To make a long story short, the heylige Gemora describes quite vividly how this was a day when all the single girls got dressed up in white dresses and went dancing before the boys in order to attract a suitable mate. Personally, the Ois prefers black dresses because les-man-dipolig (no one would argue), that black dresses are more flattering; they make the girls look thinner. They work like the side-view mirror: ‘Objects are larger than they appear.’ Shoin. Of course, it took several years to decide that white was the right color as a machloikes (argument) likely broke out between different sages as to the exact shade of white. One mistama argued that white meant white mamish, like the moon and the new bedika cloth. Ober, others may have argued that even off-white and perhaps even shades of gray were allowed but only bi-di-eved (if all white dresses are sold out).
Says the heylige Gemora: The single young ladies all wore special gowns of white. The purpose was to woo a potential groom, and the white indicated that they were free from sin; virgin white. Indeed, the Braisa (Taanis 31a) states that the custom was for everyone to borrow white clothing from others so that the poorer girls, who, in truth, lacked the financial means to clothe themselves properly, would not be embarrassed that they did not have something to wear. Isn’t it gevaldig how sensitive the rabbis were back then? Indeed, even the king’s daughter and the Kohain Godol’s daughter exchanged clothing.
As you can only imagine, if girls are dancing in the vineyards, boys couldn’t be too far behind. Is there a better combo than girls dancing and wine? Adds the heylige Gemora: “whoever did not have a wife would go there” to find himself a bride. Gevaldig! Was this outing the forerunner of the hotel lobby, social mixers, and the Pink Elephant Lounge? Next, the Gemora describes the pick-up lines used by the girls to ensnare, to chap their guy. There were three categories of dancing girls: the beauties, the comely, and the less than comely (uglies); girls in this last category mistama came from very good families. Ok- the Gemora doesn’t specifically state ‘the very uglies’ but we can imagine that if they had only yichus, and that’s all they used to lure the suitors, that looks were not their strongest features. Veyter. Here’s what each would call out to try to chap (entice) a man:
The beauties: “Look for beauty, for a woman is for beauty.” Sounds logical to most men. The not so beautiful; “Make your acquisition for the sake of Heaven, as long as you decorate us with jewels.” Maybe not very pretty, but pretty damn smart! And those with yichus only (very ugly): “Look for family, for a woman is for children.” What can be learned from their strategy raboyseyee? Jewelry and nice clothing, when needed, can help get the job done.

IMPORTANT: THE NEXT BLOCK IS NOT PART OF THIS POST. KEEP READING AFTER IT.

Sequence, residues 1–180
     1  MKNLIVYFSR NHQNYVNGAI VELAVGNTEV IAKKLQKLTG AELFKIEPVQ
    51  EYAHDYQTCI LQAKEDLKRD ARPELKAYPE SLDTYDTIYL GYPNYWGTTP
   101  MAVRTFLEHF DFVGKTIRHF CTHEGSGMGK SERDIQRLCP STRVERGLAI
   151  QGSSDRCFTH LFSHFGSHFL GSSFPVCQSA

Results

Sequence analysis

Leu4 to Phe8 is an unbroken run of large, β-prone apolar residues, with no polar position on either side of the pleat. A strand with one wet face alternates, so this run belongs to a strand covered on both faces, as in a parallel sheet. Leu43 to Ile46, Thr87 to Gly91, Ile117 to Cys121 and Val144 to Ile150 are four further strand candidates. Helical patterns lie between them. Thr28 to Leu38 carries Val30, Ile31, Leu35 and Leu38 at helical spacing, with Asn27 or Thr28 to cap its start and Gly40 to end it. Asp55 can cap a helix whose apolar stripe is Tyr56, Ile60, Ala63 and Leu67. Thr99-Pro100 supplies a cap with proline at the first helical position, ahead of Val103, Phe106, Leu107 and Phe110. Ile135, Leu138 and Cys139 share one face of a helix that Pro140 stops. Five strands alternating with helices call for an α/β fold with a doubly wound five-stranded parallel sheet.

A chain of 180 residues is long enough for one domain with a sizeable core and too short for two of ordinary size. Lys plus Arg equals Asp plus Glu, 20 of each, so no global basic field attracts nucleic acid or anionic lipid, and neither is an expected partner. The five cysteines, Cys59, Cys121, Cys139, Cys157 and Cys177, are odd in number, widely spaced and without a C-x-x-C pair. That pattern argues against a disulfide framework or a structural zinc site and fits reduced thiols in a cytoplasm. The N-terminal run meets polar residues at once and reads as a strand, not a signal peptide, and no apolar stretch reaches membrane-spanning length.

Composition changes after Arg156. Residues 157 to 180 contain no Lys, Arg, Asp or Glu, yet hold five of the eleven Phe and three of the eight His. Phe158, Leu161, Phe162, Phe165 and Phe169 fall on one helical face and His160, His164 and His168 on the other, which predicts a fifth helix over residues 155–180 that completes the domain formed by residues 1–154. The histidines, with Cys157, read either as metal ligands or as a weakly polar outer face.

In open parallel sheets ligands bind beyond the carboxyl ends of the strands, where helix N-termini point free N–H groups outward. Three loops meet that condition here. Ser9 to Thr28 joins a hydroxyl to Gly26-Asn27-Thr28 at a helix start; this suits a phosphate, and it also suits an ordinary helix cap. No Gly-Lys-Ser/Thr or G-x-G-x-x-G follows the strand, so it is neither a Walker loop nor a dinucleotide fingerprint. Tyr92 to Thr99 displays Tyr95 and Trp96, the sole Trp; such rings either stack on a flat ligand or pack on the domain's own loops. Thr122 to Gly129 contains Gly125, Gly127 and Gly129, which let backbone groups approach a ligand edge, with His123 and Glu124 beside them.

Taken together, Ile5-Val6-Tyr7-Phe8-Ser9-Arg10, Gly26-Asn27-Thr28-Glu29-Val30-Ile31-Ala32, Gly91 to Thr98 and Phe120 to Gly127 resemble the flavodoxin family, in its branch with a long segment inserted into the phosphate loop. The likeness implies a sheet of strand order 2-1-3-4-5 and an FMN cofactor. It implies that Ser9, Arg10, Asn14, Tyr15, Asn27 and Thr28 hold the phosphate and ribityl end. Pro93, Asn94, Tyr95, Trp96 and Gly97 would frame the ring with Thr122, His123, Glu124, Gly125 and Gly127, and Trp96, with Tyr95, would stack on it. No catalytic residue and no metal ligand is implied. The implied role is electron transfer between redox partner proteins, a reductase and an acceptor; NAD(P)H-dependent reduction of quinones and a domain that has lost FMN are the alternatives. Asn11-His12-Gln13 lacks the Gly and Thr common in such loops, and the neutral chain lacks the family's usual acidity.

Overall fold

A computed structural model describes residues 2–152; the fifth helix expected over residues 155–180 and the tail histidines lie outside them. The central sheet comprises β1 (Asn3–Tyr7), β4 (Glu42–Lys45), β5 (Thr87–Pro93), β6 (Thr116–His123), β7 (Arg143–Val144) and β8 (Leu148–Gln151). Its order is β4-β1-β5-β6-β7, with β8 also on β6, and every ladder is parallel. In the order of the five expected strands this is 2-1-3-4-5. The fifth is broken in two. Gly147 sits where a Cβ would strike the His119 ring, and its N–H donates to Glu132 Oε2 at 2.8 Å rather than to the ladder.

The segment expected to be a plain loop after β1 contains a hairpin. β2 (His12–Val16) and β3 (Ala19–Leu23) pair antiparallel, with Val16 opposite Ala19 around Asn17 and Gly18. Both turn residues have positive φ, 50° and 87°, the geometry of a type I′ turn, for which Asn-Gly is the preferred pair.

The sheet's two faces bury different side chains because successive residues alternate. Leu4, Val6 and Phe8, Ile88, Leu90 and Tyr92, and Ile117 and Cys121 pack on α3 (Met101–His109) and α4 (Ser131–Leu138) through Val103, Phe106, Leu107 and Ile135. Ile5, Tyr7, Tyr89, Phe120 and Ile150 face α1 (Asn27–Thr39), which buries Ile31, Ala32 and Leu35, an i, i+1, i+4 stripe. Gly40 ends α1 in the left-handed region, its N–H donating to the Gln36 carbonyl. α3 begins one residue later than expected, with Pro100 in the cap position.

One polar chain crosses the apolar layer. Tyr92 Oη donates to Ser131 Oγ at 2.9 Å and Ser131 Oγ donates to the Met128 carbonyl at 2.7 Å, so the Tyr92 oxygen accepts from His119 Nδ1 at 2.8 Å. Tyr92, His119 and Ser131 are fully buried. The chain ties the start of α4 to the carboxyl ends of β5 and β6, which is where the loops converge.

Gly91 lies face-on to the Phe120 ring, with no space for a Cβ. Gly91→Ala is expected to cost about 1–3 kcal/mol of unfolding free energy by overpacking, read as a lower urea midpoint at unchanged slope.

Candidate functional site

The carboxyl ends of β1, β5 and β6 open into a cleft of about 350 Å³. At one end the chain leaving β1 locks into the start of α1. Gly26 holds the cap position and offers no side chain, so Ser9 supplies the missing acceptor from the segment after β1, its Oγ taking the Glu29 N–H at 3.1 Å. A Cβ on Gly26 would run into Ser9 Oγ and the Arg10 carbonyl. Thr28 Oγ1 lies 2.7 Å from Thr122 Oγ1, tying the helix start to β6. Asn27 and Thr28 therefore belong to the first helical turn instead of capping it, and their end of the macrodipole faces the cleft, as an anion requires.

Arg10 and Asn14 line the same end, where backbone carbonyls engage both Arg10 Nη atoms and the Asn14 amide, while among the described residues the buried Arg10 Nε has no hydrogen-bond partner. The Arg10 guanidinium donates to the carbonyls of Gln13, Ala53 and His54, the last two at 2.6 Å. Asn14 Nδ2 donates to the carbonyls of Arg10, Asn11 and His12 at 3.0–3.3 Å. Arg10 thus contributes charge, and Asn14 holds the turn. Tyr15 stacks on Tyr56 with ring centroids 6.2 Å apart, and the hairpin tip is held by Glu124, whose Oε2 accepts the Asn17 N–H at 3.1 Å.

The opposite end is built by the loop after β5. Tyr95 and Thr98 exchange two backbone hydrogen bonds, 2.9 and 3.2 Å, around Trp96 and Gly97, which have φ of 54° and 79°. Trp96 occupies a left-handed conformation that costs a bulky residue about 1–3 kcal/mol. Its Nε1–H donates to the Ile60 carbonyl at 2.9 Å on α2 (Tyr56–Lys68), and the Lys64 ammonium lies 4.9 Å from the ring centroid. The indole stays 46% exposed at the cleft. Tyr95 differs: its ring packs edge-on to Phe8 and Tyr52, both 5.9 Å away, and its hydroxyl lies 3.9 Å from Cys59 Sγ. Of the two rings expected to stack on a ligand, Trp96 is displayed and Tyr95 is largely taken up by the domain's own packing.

In next week’s parsha (Eikev) we will learn that one should not add or take away from the holy mitzvis given by the RBSO. And weren’t we also taught that Moishe came down from the mountain, not once but twice, schlepping those heavy rocks and that he also came down with the Toirah she-baal-peh (the oral tradition)? We were! And weren’t we also taught by the Rambam who includes this as one of his 13 principles- that we believe in the heylige Toirah that Moishe schlepped down, both oral and written? We do! Nu, shtelt zich di shaylo (the question arises): what happened to this piece of Mishna, the explanatory shtikel Gemora, and this holiday? And who gave the rabbis the right to dispense punkt (specifically) this holiday? Who gave our rabbis the right to play with the oral tradition? Oral is good. Answers anyone?
The bottom line of Shabbis Nachamu and its message comes from the Novee Yeshayahu’s (Yeshayahu 40:1) proclamation of comfort: “Nachamu nachamu ami yomar Elokeichem. In English: “Console My people says your G-d.” The world returns to its normal rhythms, and we are no longer -until next year this time- to be preoccupied with the dire times of Jewish history. We are to return to being happy. The fundamental lesson is one of hope. No matter what we may encounter in our lives, we must ever remember that “the darkest hour is just before the dawn.
Finally, this week we will be reading Parshas Voeschanan which contains a second reading of the Aseres Hadibrois (Ten Commandments), this set slightly different that the first, the first portion of the Shema prayer which contains most of the fundamentals of our beautiful religion, and much more. Go to shul!
A gittin Shabbis!
The Oisvorfer Ruv